Experimenting with Electronic: Oneohtrix Point Never

Eric Reimund

To be perfectly honest, I don’t really listen to much electronic music. However, there has recently been a series of releases both from exciting new acts (Disclosure) and those with more distinguished reputations (Boards of Canada) that have gotten me to reconsider my previous ambivalence toward the genre. So, naturally, being the open-minded and curious music reviewer I am, I jumped on the new Oneohtrix Point Never album. It seemed a good starting point – the name even sounds electronic – and I’ve known of the project by reputation for a year or so, but just never got around to caring.

After listening to “R Plus Seven” by Daniel Lopatin, the artist behind Oneohtrix, I can safely say that while it may not have been totally in line with my expectations, it was a fascinating experience and a journey to a realm of the avant-garde that I’ve never heard before. The most apparent of the album’s major tendencies and ideas is its disjointedness. The melodies, rhythms and textures convulse in every which way, at times seeming to follow only Lopatin’s personal, spasmodic logic. His repertoire of sounds, while on first listen undoubtedly puzzling, coheres in certain stretches of the album ethereally and beyond reason. Expanses of vast choral synth tones gives impressions of wide plains in “Americans” before an intricate, bouncy outro that gives a full impression of the artist’s gift for abstract synthesis that manages to remain surprisingly tuneful. Following immediately is “He She,” which is a densely layered and concise whirlwind, including a bass that imitates a roaring tiger and its basis on gong-crash repetitions of percussion, and an enigmatic, tribal vocal track.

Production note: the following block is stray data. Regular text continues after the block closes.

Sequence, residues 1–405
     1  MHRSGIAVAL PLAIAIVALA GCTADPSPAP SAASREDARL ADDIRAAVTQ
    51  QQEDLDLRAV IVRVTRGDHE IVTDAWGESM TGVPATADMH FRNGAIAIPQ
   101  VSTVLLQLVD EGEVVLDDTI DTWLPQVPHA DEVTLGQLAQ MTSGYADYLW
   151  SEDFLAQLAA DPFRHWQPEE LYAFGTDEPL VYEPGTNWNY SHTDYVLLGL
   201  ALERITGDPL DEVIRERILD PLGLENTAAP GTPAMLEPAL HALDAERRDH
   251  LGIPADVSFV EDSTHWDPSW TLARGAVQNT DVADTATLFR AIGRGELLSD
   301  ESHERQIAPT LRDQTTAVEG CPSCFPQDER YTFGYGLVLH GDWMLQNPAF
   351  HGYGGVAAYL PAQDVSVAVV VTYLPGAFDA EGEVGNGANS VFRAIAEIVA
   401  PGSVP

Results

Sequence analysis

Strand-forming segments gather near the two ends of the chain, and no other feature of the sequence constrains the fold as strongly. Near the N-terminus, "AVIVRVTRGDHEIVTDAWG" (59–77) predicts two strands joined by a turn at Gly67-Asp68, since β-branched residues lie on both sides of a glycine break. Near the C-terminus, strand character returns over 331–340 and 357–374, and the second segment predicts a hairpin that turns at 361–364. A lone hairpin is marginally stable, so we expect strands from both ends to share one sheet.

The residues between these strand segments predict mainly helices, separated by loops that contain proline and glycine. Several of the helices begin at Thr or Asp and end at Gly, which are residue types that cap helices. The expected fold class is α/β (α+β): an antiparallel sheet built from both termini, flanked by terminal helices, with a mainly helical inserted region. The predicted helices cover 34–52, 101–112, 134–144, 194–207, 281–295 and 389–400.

A strain I noticed throughout the record was the artist’s tendency to deconstruct the core musical components and warp them within a hair’s breadth of recognition whenever things got a little too conventional, creating an incredibly disconcerting and visceral effect. This actually happens quite often, because for all his gifts as an avant-garde sound artist, Lopatin actually writes some stunning

melodies and hypnotic, consuming loops. It was a source of considerable frustration for a while to have these little runs bubble up on a track only for them to disappear almost as abruptly, but a more holistic appreciation of the album reconciles this. In the more aggressive jerkiness of some samples and the placid, monotonous stretches of other soaring tones, the suppler and accessibly beautiful notes and passages lend some easier resonance and receive a disconnectedness of reason that underpins some of their mystery.

“R Plus Seven” is not for the faint of heart or the very casual listener. The simple fact is that they will get bored or put off by sheer strangeness of Oneohtrix Point Never’s music. If you’ve felt the impulse to expand your musical horizon into the prohibitively deep waters of electronic music, though, the music on this record is haunting and fascinating enough to be more than worth checking out. Listen to the whole album.

Contact Eric Reimund at [email protected]